How I use a multifaceted approach to chronic pain management

Pain affects people differently, and strategies should be individually tailored

Jen Cueva avatar

by Jen Cueva |

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When the late afternoon rolls around and I’m ready to wind down, my body often has other plans. These moments seem to bring out the worst of my pain, and I find myself curled up in a fetal position on the couch. Yet, I’m hesitant to take pain medication because I still want to do so much for myself and my family before the day ends.

In my nursing career, before my pulmonary hypertension (PH) diagnosis, my passion was to help others relieve their pain and stay comfortable. So why can’t I do the same for myself?

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The consequences

Living with chronic pain is a complex battle, and finding effective pain relief is a journey. I experience frequent muscle pain, a side effect of my PH treatment, as well as leg heaviness and spasms. My osteoarthritis causes back throbbing and stiffness, which lead to neck pain and headaches. Chest pain, a symptom of my PH and congestive heart failure, feels like an elephant sitting on my rib cage. For over a decade, pain has been a constant struggle in my life, although I initially ignored it.

As one narrative review in The Clinical Journal of Pain notes, pain is subjective, meaning that others cannot directly observe it. This makes it challenging to treat, as only the patient knows its intensity, and everyone copes with it differently.

Pain affects every aspect of life, from work and social interactions to sleep and mental health. Managing pain alongside PH and other conditions is an ongoing challenge. Balancing medications and other treatments is exhausting.

I often feel overwhelmed, frustrated, and defeated by chronic pain. Though I’ve had mild success, overall, the efforts to ease my symptoms have been inconsistent. Pain has forced me to cut back on activities that used to bring me joy.

Despite these hurdles, I maintain an optimistic outlook and unwavering determination to manage my chronic pain. I’ve come to accept that there will be good and bad days, and I strive to focus on the positives, no matter how small they might seem.

How I respond

Often, trial and error is necessary to determine the best treatment plan. There are various options, from hot and cold therapy to light exercise, prescription medications, and holistic treatments.

My first pain management doctor was caring and compassionate and expressed concern about my ability to find comprehensive relief due to delayed intervention.

Today, I work with a new pain management team after moving across the country a few years ago. Our approach combines medication, physical therapy, exercise, cognitive behavioral therapy, and lifestyle changes. I’ve started weekly physical therapy, and I exercise at home. The goal is to stretch my muscles and preserve my strength while avoiding weakening further.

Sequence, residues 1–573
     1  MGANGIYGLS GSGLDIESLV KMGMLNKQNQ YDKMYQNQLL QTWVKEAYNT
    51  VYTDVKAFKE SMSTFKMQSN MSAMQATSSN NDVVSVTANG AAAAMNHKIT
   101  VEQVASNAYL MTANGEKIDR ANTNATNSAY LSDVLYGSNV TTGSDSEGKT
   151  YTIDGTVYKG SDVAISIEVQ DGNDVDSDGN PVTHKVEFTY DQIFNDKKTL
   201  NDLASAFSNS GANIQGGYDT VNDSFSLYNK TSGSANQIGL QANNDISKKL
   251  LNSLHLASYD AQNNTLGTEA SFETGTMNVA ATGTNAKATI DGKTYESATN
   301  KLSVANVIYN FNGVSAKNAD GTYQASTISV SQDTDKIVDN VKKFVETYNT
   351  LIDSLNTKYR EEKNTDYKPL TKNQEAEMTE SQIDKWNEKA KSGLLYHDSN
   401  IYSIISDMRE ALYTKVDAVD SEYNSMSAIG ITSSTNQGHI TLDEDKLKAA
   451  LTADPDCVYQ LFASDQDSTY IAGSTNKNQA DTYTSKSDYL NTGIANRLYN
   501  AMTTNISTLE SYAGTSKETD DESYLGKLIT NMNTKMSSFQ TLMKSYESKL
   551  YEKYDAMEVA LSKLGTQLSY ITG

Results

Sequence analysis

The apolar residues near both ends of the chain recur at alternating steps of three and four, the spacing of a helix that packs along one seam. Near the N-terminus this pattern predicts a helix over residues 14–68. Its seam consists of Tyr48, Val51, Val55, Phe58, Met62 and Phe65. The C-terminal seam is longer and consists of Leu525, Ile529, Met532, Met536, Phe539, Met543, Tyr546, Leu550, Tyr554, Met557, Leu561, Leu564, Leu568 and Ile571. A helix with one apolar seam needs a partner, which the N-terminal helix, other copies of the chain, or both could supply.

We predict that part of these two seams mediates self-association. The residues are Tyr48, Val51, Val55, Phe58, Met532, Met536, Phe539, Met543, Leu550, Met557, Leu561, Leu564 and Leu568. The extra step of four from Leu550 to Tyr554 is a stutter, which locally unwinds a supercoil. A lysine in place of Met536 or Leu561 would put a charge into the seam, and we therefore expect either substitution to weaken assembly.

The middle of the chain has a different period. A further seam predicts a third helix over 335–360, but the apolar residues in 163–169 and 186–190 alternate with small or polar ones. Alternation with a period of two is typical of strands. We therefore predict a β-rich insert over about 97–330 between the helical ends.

I also use heated pads and a heated vest and soak in warm Epsom salt baths with relaxing essential oils. I’ll hopefully soon add massage therapy, because my back and neck always feel so tense. Of course, I have prescription pain medication to take routinely as needed.

None of these strategies entirely eliminate my pain, but they can take the edge off a little bit.

Last week, I mustered the courage to go for injections to ease my back pain. I was a bit of a scaredy cat, but to my surprise, the procedure was quick and painless. Doctors administered six injections in various areas along my back. Although it won’t magically solve everything, I’m hopeful it will significantly reduce the need for oral pain medications. Here’s to hoping for some relief!

Do you or your loved one struggle with chronic pain? Which multifaceted approaches do you find work best for you? Please share in the comments below. 

Note: Pulmonary Hypertension News is strictly a news and information website about the disease. It does not provide medical advice, diagnosis, or treatment. This content is not intended to be a substitute for professional medical advice, diagnosis, or treatment. Always seek the advice of your physician or other qualified health provider with any questions you may have regarding a medical condition. Never disregard professional medical advice or delay in seeking it because of something you have read on this website. The opinions expressed in this column are not those of Pulmonary Hypertension News or its parent company, BioNews, and are intended to spark discussion about issues pertaining to pulmonary hypertension.


Ruby Midkiff avatar

Ruby Midkiff

I had all of my pain managed. My wonderful dr retired and my new doc won’t refill what I need for horrible headaches. I do find coloring is good for pain management.

Jen Cueva avatar

Jen Cueva

Oh no, I hate to hear that your new doctor is not taking your pain management concerns serious. It's frustrating and unfortunate that many of us go without adequate pain management because of the stigmas. I hope and pray that you will find a new doctor who validates and helps offer relief or your current one will have a change of heart.

I know many of the simple things we can do to try and offer pain relief is crucial.Heat is often my best friend. Have you tried an ice pack to your head? Or, maybe alternating heat and cold? My hubby, Manny suffers with migraines and we try those remedies to help with his.

Hugs to you and prayers that you'll get some relief from these headaches soon, my dear PHriend.

Thanks for taking the time to read my column and offer your thoughts, Ruby Nan. It means more than you realize. Take care.


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